30 December 2014


My trip to Turkey was on a tour with about 40 people, too many for a single bus. So we split into two: one for Chinese people, with a Chinese-speaking guide, and one mostly for Malays, with an English-speaking guide. I chose the former.

It was interesting that although the two groups had the same itinerary, we focused on different things. For example, In Capadocia, we managed to go on a balloon ride which was just splendid.

But only three of the Malay group decided to go on it. In contrast, when we got to Istanbul, we were scheduled to spend one and a half hours in the Grand Bazar.

But after one hour, the Chinese group got bored and all gathered outside, asking if we could go and have an early dinner instead. In contrast, the Malay group asked if they could have an extra hour in the Grand Bazar.

It worked out well, that the Chinese group could spend more time seeing things while the Malay group got extra time shopping. And I am so pleased I was with the Chinese group, as I am allergic to shopping.

26 December 2014

genuine fake

An oxymoron is a contradiction in terms, such as 'deafening silence'. I saw this sign outside the ancient Roman city of Ephesus in Turkey.

'Genuine fake' is as classic an oxymoron as you can imagine. But what does it mean? The only interpretation I can derive is that the watches on sale are truly fake – there is no danger that you buy a fake Rolex and someone maliciously sells you a genuine one instead.

I suppose the real purpose of the sign is to capture one's attention. And the fact that I have taken a picture of it and put it on my blog suggests that it has succeeded. The only trouble is that I wasn't tempted to buy a watch. My Casio works perfectly well, so I see no reason to buy a Rolex, either genuine or fake.

But perhaps the sign has still been successful, as my putting it on my blog serves to encourage people to visit Ephesus (and thereby have a chance to buy one of these genuine fake watches). If so, well so be it. Ephesus is brilliant and definitely worth a visit. Here is a picture of the grand entrance of the library.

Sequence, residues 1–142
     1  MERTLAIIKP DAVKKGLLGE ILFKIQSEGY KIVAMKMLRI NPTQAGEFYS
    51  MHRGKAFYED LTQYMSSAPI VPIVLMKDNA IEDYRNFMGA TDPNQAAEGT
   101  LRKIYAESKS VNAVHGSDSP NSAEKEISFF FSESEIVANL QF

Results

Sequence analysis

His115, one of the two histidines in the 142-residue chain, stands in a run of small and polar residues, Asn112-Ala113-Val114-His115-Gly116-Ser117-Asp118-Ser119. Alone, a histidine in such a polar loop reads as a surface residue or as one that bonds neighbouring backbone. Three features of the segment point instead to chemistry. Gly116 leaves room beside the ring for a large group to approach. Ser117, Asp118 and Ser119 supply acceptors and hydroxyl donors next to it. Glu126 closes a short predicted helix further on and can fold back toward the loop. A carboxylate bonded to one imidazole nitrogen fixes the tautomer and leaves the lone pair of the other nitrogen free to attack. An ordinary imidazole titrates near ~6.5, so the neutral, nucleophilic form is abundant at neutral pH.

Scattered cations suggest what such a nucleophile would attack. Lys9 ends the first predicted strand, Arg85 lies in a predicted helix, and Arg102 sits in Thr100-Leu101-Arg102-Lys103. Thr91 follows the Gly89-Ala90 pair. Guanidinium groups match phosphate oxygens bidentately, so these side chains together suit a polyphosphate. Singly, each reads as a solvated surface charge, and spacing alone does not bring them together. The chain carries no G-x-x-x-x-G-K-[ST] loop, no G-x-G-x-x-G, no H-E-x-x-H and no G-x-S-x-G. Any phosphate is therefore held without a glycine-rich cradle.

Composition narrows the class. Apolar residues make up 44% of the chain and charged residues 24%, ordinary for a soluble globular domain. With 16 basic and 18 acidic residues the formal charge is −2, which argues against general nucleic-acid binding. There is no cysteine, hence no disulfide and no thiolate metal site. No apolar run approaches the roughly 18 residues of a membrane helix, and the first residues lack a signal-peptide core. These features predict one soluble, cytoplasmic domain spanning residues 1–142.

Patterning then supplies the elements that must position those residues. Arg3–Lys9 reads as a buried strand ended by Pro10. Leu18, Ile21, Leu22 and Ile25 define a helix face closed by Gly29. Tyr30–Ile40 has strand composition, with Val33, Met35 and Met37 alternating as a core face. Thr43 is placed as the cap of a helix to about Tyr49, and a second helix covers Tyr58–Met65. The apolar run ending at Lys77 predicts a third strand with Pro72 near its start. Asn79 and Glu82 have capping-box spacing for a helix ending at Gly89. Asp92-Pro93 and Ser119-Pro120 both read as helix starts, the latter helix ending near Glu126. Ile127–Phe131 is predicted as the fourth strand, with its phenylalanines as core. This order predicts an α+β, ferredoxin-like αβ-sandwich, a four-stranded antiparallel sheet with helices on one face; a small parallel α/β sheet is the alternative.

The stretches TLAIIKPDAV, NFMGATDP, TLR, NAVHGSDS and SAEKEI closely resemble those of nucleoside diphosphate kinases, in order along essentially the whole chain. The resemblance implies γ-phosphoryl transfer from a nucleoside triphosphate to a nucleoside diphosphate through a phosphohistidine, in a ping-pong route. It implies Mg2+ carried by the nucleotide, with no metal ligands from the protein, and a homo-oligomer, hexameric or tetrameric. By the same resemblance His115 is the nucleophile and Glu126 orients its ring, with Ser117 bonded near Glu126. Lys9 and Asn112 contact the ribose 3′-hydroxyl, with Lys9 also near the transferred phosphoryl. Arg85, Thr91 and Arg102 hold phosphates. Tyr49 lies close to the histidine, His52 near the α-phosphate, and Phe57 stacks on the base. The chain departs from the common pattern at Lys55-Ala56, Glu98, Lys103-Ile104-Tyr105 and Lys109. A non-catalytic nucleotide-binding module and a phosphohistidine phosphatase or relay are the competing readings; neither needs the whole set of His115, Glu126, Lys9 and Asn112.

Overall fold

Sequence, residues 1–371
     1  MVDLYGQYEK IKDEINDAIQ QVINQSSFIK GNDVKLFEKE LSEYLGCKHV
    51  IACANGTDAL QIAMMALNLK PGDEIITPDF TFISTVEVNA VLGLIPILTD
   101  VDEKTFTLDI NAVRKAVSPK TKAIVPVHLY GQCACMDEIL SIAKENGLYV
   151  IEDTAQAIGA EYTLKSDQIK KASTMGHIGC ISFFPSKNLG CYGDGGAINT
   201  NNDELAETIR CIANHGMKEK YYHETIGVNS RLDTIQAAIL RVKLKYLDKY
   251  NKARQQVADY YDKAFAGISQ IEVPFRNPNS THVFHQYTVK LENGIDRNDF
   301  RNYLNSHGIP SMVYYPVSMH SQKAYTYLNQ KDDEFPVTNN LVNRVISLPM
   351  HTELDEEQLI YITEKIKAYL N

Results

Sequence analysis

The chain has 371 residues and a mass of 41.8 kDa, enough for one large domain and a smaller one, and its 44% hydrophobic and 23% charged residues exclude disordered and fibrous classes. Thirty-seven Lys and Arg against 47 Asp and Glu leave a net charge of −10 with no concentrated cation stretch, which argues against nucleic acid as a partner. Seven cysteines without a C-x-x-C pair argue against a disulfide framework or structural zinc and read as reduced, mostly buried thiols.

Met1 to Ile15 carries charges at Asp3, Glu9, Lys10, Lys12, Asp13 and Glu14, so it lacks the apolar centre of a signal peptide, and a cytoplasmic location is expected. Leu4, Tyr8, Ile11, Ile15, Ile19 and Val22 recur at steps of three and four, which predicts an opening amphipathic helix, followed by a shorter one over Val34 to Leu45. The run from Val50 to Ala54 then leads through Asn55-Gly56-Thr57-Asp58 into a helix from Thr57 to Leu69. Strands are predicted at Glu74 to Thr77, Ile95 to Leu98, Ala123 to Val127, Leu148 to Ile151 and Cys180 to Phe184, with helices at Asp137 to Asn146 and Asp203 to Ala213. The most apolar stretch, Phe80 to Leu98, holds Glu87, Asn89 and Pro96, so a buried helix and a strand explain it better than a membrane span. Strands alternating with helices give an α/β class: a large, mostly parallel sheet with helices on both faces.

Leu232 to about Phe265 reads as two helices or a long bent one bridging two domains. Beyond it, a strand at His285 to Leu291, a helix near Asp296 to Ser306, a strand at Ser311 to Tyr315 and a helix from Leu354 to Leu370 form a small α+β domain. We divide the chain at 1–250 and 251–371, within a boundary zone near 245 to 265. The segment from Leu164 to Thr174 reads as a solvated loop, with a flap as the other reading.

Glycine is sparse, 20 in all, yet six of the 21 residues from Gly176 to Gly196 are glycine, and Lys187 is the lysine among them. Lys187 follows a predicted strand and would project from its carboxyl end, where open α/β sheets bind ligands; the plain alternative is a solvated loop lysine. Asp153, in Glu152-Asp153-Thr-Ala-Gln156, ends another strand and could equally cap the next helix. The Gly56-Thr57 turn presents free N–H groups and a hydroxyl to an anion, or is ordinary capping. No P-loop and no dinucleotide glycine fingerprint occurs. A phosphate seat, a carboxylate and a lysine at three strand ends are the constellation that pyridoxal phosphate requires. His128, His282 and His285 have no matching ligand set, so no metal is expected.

25 December 2014

selfie stick

I just spent ten days on a tour of Turkey. It was brilliant. One of the new words I learned while there was 'selfie stick', the extensible rod that allows one to take a selfie with a wider frame than can be achieved just with one's arm. They seem to be everywhere among tourists, especially those from China and Japan.

Here a selfie of our group on a hill overlooking Istanbul, taken using a selfie stick. (Should it be called a 'groupie' rather than a 'selfie'?)

One question arises: is 'selfie stick' the right name for it? Some people prefer to call it a 'monopod', though Wikipedia notes that monopod has a broader meaning, referring to the device that is used to hold a camera steady, so it is used for old-fashioned photography that needs long exposure time and it predates the selfie.

It is common for newly-invented devices and new technology to have uncertain terminology for a while. Initially, a 'mobile phone' was also called a 'cell phone' by many, though 'mobile' seems to be winning out. But it seems that 'selfie stick' is becoming established for this new device, though maybe some people still prefer a longer name 'monopod selfie stick'.

One other question is: how old is it? This page from the Guardian suggests that the earliest use of the device (though not the term) is 1926.

07 December 2014

adult stress

A Bruneian colleague was talking to me today about her research, and she consistently said 'aDULT' (with the stress on the second syllable), while I always say 'ADult' (with the stress on the first syllable). So I thought I'd look it up in the Longman Pronunciation Dictionary. This is what I found:

This shows that British speakers prefer stress on the first syllable, while stress on the second syllable is an alternative, but Americans are the other way round, preferring stress on the second syllable. And 88% of Americans prefer stress on the second syllable. So essentially, my colleague was using the American pattern. I don't know if that is the norm in Brunei, and also the extent to which American stress patterns are being adopted.